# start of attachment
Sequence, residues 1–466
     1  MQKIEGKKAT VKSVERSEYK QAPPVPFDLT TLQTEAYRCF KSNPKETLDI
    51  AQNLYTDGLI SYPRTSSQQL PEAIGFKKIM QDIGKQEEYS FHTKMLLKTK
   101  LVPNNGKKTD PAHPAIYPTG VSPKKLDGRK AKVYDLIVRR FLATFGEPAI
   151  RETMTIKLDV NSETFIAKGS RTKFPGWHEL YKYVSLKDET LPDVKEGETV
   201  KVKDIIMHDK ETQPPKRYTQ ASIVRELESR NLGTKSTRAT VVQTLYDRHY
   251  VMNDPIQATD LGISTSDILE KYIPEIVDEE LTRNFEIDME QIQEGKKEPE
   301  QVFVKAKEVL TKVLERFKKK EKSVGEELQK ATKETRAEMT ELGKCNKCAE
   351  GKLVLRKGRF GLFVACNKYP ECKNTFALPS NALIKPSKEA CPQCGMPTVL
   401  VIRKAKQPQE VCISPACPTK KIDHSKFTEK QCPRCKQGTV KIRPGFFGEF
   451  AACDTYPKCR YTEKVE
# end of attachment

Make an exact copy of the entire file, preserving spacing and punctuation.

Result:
Sequence, residues 1–466
     1  MQKIEGKKAT VKSVERSEYK QAPPVPFDLT TLQTEAYRCF KSNPKETLDI
    51  AQNLYTDGLI SYPRTSSQQL PEAIGFKKIM QDIGKQEEYS FHTKMLLKTK
   101  LVPNNGKKTD PAHPAIYPTG VSPKKLDGRK AKVYDLIVRR FLATFGEPAI
   151  RETMTIKLDV NSETFIAKGS RTKFPGWHEL YKYVSLKDET LPDVKEGETV
   201  KVKDIIMHDK ETQPPKRYTQ ASIVRELESR NLGTKSTRAT VVQTLYDRHY
   251  VMNDPIQATD LGISTSDILE KYIPEIVDEE LTRNFEIDME QIQEGKKEPE
   301  QVFVKAKEVL TKVLERFKKK EKSVGEELQK ATKETRAEMT ELGKCNKCAE
   351  GKLVLRKGRF GLFVACNKYP ECKNTFALPS NALIKPSKEA CPQCGMPTVL
   401  VIRKAKQPQE VCISPACPTK KIDHSKFTEK QCPRCKQGTV KIRPGFFGEF
   451  AACDTYPKCR YTEKVE